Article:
Friday, May 25, 2007

The High Costs of Paranoia

The findings section of S. 1348, the version of the Immigration Bill that the Senate passed yesterday, offers eight reasons justifying the massive expenditures contemplated for tougher border control. Seven of them provide vague statements about the need of the government to control the border, defended on the tautological grounds that the government needs to control the border. Just one finding offers a concrete dollar amount as evidence of the allegedly high costs on the U.S. government imposed by undocumented aliens immigrating:
"Border communities continue to incur significant costs due to the lack of adequate border security. A 2001 study by the law enforcement coalition United States-Mexico Border Counties Coalition found that law enforcement and criminal justice expenses associated with illegal immigration exceed $89,000,000 annually for the Southwest border counties."

Ah, but this is only law enforcement costs. What about all the other costs, including welfare benefits, health care, education? An eminent scholar on this topic, George Borjas, explains in the online Encyclopedia of Economics that that because of taxes, the economic impact of immigration is revenue neutral:

Many people believe that because a comparatively large percentage of immigrants goes on welfare, the costs to native American taxpayers wipe out the gains from immigration. But this has not been the case in recent years. The numbers show why. The present value of cash welfare benefits (such as Aid to Families with Dependent Children) received by the typical immigrant family over its lifetime is $8,700. With 6.4 million immigrant households, the total cost of assistance programs for immigrants is about $56 billion.

But immigrants also pay taxes. The present value of lifetime earnings for the typical immigrant man is $380,000. With 7.6 million working immigrants (both men and women), total earnings of immigrants are at most $2.9 trillion, of which about 40 percent, or $1.2 trillion, are paid in taxes of all forms. Because 3 percent of total revenues are allocated to cash welfare benefits, immigrants pay about $36 billion ($1.2 trillion times .03) in taxes to fund welfare programs. Comparing the $36 billion that immigrants contribute to welfare to the $56 billion they consume, immigrants consume $20 billion more over their lifetimes than they contribute. Thus, the welfare system causes U.S. natives to lose about $1.1 billion per year (in present value terms). Subtracting this $1.1 billion from the $5 billion annual increase in national income, the United States benefits from immigration, but the economic gains are small.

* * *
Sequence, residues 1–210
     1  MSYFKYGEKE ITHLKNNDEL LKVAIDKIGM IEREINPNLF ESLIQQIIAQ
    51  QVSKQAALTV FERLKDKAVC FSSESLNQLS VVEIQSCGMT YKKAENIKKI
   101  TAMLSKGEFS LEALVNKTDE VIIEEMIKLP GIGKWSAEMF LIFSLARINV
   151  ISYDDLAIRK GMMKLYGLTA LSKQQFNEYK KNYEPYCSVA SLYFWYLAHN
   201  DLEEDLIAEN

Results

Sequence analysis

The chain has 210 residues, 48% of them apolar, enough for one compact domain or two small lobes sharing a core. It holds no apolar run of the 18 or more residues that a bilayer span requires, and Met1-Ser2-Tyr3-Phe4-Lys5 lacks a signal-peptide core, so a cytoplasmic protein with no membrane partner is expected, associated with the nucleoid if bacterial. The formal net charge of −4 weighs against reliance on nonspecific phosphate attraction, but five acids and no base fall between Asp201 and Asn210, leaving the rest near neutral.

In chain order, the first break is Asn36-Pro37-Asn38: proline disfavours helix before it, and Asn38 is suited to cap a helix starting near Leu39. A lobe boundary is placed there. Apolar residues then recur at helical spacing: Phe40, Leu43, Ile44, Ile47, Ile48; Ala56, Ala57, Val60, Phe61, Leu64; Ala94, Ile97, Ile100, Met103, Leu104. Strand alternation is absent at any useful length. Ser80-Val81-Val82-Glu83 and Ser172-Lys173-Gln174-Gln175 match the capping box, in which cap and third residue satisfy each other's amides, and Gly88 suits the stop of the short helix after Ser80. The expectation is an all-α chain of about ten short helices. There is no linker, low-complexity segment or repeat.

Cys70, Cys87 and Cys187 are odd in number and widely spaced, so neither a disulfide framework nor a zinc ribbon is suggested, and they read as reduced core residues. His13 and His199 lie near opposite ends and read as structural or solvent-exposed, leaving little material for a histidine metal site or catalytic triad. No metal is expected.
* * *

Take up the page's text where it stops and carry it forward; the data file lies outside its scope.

Of course law enforcement officials would argue that these macro figures ignore the special law enforcement burdens imposed on their local jurisdictions. Leaving aside the self-interested character of the group cited in the Senate and House versions of the Immigration bill, self-described as a coalition "comprised of the County Judges, Commissioners and Supervisors of the U. S. counties located on the border with Mexico... to address challenges facing county governments located on the U.S./Mexico border"--and that the report does not assess the revenues from immigration--once you add it all up, it's clear that the federal government would be much better off simply transferring funds to state governments, as opposed to making far higher expenditures for the purpose of preventing entry. The easy back-of-the-envelope calculations below, based on official U.S. data reports, reveal the dire consequences of Congress's apparent math illiteracy. (For more, see this.)

The Congressional Budget Office estimates the costs of implementing the various policies offered in S. 1348 at $17 billion for the period of 2008-2012, or an average of $3.4 billion/year, of which just 4% would be for additional Social Security benefits, meaning $3.27 billion would be spent on enforcement bureaucracies, technologies, vehicles and weapons for the purpose of preventing immigrants entering. Assume that the national figure for law enforcement and criminal justice costs from undocumented aliens presently is at $890 million annually (ten times the Texas, California, Arizona, and New Mexico costs), which is on the high end of an estimate since the costs outside this region and a few others is close to zero. (The Act itself states that at least 50% of the funding must go to the "10 States with the highest percentage of foreign-born residents" Sect. 756 (7).) And assume that Borjas is right and the economic impact of immigration is revenue neutral. And, finally, accept the Congressional Budget Office estimate that the impact on Social Security is revenue neutral (because of the increase in payroll taxes).

Hmmm.... That means Congress, by its own accounting, wants to spend $3.27 billion of federal funds on law enforcement each year to prevent aliens from entering so that they can save states and counties $890 million each year in their law enforcement costs from aliens entering.

Over the course of the five years, this means that the government will be paying $11.9 billion to indulge its paranoia.

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